James,


I found a lot of anecdotes and very little hard data.  I actually did find one study that while it did NOT support the claim that Phillips Head allows more torque transfer, it did conclude the ratio of axial effort to torque transfer was better with Phillips head:  https://epublications.marquette.edu/cgi/viewcontent.cgi?article=1226&context=theses_open

My main "tip" from the automotive words is to use some kind of anti-seize if you ever have plans to remove the fastener.  

Otherwise, "Heat it and Beat it" is the name of the game.  Heat being the best if you can use it.  Unfortunately, on a boat there's usually too much plastic, fiberglass or wood around to really use it a lot.  However, a MAPP Gas torch was invaluable to me in getting the clutch cones off my bone dry (and slightly bent) windlass shaft. No amount of prying would move them.  Last, use an Impact Driver vs a regular electric drill when trying to remove any fasteners you think might cause you trouble.

Mark McGovern
SM 440 Cara
Deale, MD USA      
 


---In amelyachtowners@..., <lokiyawl2@...> wrote :

Mark,

   Thanks for your input.  I am really curious to know if you found any data confirming that the Phillips head can transfer more torque to the screw than a slotted head because I would really like to know!   I have generally had worse luck with removing old Phillips screws than slotted but that could be the tools and or technique.  If you have learned any tricks l would be interested to know.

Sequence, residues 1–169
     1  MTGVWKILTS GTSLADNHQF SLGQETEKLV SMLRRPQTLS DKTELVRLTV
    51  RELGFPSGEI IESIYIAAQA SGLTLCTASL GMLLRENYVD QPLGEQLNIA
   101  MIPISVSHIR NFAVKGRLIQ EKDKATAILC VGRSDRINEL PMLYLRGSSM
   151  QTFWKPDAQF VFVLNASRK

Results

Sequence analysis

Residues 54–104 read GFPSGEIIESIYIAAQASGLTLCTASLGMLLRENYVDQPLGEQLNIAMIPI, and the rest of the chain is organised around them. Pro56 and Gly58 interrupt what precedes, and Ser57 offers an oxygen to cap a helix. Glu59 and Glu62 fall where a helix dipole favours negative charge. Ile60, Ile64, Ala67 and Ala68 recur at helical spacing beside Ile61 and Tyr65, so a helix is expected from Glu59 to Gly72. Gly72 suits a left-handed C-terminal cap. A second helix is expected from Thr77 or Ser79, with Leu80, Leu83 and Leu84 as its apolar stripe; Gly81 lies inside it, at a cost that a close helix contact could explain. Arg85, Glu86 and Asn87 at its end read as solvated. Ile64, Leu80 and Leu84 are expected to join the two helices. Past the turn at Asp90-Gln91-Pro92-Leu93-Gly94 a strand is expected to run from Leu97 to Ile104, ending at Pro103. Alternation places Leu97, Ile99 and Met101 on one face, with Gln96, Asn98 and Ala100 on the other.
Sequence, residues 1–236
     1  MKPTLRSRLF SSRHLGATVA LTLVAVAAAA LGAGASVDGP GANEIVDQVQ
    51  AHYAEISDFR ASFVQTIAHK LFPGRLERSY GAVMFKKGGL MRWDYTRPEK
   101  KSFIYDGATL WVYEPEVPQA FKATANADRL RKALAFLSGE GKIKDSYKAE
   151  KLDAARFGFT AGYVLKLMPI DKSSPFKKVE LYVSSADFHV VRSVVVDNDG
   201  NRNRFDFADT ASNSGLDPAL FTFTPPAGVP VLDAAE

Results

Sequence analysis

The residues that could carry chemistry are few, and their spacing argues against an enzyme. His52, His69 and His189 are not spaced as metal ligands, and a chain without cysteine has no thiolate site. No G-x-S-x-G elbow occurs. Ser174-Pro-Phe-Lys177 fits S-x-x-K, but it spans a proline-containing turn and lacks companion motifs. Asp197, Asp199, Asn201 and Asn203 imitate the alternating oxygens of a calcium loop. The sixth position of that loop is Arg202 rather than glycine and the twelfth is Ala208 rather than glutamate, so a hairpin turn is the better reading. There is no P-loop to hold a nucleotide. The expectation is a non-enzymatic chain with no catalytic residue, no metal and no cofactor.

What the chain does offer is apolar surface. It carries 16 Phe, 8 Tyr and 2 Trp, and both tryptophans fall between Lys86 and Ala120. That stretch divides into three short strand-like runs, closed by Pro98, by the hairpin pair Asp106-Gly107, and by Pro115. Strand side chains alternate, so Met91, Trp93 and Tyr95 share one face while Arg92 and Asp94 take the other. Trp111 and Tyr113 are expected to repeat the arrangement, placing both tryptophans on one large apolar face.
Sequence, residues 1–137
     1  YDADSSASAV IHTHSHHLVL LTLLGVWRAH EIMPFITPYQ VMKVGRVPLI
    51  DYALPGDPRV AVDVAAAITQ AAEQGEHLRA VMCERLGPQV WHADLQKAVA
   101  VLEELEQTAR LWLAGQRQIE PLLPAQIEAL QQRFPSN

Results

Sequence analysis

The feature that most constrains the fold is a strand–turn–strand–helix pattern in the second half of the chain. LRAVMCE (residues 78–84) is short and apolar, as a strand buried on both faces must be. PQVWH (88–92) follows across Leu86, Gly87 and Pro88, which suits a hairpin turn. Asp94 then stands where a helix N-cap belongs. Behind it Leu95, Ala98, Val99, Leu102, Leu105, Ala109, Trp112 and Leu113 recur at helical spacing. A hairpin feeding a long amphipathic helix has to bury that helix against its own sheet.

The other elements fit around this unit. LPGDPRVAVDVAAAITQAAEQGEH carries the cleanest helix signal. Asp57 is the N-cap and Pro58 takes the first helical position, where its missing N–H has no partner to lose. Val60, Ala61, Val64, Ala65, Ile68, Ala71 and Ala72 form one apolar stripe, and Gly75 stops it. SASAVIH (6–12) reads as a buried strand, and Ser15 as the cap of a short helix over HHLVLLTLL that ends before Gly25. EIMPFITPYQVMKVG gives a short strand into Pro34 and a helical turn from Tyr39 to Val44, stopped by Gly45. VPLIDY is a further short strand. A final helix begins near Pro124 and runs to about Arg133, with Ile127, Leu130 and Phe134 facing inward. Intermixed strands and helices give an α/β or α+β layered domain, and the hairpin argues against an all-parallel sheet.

Without a doubt the slotted head fastener can be the most difficult to deal with in regards to slippage since there is nothing there to keep the centering.  Also the slot width seems to vary and the available tools seldom fit properly which is critical as Bill K. also states to successfully avoid slippage when applying high torque.  Proper fit usually requires me to grind a fatter tool down.   Finally, the shape of the tool tip is very critical.  Many of the tips I buy are tapered which will cause the tool to cam out of the slot.  What you want is a tip that is actually slightly undercut in that the very end/ tip of the tool is slightly thicker than the part of the tool that would otherwise contact the top of the screw head.  You want to put the pressure on the very bottom of the screw slot, not the top or else the pressure tends to open the slot creating the dreaded Vee shape that wants to cam out.  The bottom edges of the tool should be sharp which seems to cause the tool to bite into the fastener eliminating slippage and allowing the maximum torque to be applied.   I also like to apply a very slight undercut to the bottom face of the tool tip which helps to insure that the tips of the tool are fully engaged.  If you follow all of these steps I think that you will find that the tip will lock into the screw slot quite well so long as the screw itself has the original square slot.  If the screw slot has become Veed in shape due to using an improper tip, corrosion or slippage, carefully reshaping the slot with a dremel, or a tiny sharp file can often restore the slot.  This ability to recover the slotted head shape and potentially the maximum torque for another try at removal is unique I believe to the slotted head as compared to the center drive type fasteners.    I have recut a lot of slotted screw heads and often cut the slot a bit deeper in the process.